Chapter

South versus North

in Women's Work?

Published by University of Chicago Press

Published in print April 2001 | ISBN: 9780226660394
Published online March 2013 | e-ISBN: 9780226660417 | DOI: http://dx.doi.org/10.7208/chicago/9780226660417.003.0003
South versus North

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The southern educational system reflected the nature of southern society, with an elite committed to supporting secondary and collegiate institutions, but leaving the diffusion of popular primary schooling less well supported than in the North. Nevertheless, as economic historian Albert Fishlow cautioned long ago, “Lack of…sympathy with the educational philosophy should not obscure an ongoing process of instruction in the Southern states.” Southern primary schooling in some form seemed to have reached high proportions of white children, and, by the 1840s, adult literacy was at 80 percent of the level reached in the North. The involvement of women in schoolteaching was much less prevalent in the South than in the North not because arrangements for schooling in the South were scant but because arrangements differed from those in the North. Teachers were not as common in the South as in the North, but southern teachers were not rarities.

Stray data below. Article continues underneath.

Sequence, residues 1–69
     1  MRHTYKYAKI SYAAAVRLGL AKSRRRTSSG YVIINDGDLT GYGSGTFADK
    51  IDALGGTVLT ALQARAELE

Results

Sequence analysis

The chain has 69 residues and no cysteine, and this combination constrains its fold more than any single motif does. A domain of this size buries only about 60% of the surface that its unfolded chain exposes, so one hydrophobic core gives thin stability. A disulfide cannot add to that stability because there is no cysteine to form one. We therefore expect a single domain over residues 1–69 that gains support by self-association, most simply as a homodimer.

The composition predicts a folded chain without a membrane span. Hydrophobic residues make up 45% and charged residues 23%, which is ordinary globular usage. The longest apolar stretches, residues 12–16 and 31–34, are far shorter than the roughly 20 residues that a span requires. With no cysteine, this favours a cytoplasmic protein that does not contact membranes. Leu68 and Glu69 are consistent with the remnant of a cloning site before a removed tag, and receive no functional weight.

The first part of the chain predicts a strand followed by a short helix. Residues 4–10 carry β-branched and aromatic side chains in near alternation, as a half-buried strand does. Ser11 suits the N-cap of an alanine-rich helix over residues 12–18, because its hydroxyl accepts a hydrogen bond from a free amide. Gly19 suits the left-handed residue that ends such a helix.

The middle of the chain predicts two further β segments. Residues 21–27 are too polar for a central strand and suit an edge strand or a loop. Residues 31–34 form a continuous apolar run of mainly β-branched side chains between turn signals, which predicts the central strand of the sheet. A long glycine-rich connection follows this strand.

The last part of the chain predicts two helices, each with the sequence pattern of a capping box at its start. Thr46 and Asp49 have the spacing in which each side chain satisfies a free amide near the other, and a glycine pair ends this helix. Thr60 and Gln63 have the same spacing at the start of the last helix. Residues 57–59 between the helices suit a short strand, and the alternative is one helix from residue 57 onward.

Keywords: southern educational system; southern society; collegiate institutions; primary schooling; white children; schoolteaching

Chapter.  15579 words. 

Subjects: History of the Americas

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